"Soilless growing mediums are only as good as the silicon source in the mixtures."
Greenhouse Production Research Group
USDA-ARS, Toledo, Ohio
Video Power Point Presentation “Benefits of Silicon Use in Containerized Crop Production and Challenges to its Commercial Adoption"
Horticulture allows us to express ourselves through landscape and plant cultivation while contributing to our communities and reflecting our culture.
Society has long overlooked the important role silicon plays in growing mediums. Throughout the world silicon is applied as a critical ingredient in the cultivation of a variety of crops: medicinal plants, fruits and vegetables, nuts, seeds, herbs, sprouts, mushrooms, algae, flowers, seaweeds and other food crops such as grass, and ornamental trees and plants.
All true grasses and even those grass-like plants (sedges, rushes, restios, and cat-tails) accumulate large amounts of silicon from their roots to shoots. Since almost all ornamental grasses are perennials (evergreen and bamboo are annuals) they rely on their root structure to bring them up in the spring, protect them from getting sick, to hold water, and store energy when they are dormant. Scientists have shown the importance of silicon in plants especially grasses.
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2 tblsp to 1/4 cup per gallon of grow medium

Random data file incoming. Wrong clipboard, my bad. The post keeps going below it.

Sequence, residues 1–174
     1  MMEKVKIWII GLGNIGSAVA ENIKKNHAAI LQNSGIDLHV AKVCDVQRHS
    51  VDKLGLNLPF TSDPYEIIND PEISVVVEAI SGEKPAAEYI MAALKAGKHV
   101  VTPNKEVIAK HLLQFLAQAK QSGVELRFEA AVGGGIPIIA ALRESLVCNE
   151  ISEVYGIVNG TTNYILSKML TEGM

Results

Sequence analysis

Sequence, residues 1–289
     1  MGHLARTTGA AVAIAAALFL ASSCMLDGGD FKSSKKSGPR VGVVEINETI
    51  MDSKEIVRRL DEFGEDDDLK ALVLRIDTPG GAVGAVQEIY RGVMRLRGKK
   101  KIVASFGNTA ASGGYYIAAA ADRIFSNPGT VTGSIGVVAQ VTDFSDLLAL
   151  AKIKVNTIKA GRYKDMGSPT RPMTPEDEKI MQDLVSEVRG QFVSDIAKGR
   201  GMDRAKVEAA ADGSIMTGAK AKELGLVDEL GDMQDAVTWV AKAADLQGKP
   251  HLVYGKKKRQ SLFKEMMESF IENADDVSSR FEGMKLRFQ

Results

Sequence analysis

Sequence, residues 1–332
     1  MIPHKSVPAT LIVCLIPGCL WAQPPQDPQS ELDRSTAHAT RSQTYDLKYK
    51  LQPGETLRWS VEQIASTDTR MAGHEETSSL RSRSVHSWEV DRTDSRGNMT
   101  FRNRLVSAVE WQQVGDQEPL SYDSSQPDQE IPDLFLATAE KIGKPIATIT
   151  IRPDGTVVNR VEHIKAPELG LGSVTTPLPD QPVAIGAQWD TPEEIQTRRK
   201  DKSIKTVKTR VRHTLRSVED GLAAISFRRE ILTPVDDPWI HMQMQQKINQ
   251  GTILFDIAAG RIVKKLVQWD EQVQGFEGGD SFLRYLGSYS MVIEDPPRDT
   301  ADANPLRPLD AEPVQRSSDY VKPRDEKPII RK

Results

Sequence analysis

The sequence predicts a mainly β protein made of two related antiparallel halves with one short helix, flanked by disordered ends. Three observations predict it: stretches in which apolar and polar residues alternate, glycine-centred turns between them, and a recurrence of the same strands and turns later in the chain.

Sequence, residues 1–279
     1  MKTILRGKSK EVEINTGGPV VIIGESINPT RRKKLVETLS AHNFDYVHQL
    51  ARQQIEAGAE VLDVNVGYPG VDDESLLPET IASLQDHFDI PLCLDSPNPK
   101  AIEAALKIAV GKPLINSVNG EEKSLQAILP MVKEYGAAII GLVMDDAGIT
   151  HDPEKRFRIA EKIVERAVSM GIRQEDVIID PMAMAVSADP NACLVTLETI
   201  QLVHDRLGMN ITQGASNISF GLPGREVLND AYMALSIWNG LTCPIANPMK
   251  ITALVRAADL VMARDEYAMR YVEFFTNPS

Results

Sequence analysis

1 tsp per plant every 7 to 14 days.
1 tsp per plant
1 pound per 5 gallons water
1 tsp to 1/4 cup per plant on bottom and sides
Agriculture in underwater habitats includes the farming of fish, crustaceans, molluscs and aquatic plants all of which require the element silicon in their feed to develop successfully. Aquaponic methods that integrate plant farming with fish farming offer a mutually beneficial ecosystem. By adding amorphous silicon to the environment through broadcasting or integrating into the feed, plants and fish achieve enhanced production.
Flower farming in beds, gardens, baskets, pots and homes can be richly satisfying. Flowers are usually started in flats or trays using soilless growing mediums. Since these mediums rarely contain much plant available silicon it makes the plants grown in them highly susceptible to plant disease and pests. Using amorphous silicon has worked well with Ibey Nursery owner Chuck Ibey on their Black Eyed Fuchsias with and without MontanaGrow. See for yourself.
Using a mineral nutrient solution and no soil to grow plants allowed scientists to first understand the critical role silicon plays in plants. Plants can grow in mineral nutrient solution only, in an inert medium (such as coir, perlite, clay balls, rock wool, gravel or recycled glass), or in a high-energy medium such as Silicon Rock. Hydroponic methods are a welcome addition to urban spaces where food needs are highest.
Grow More Using Less
A limitation of certain plant species grown in hydroponic water systems is water logging, but that is not the case with aeroponic systems where plant root, stem and leaf tissue has 100% access to oxygen and carbon dioxide. Any plant species can be grown in an aeroponic micro environment supplemented with plant available silicon, which accelerates biomass growth, utilizes significantly less water, and less nutrients.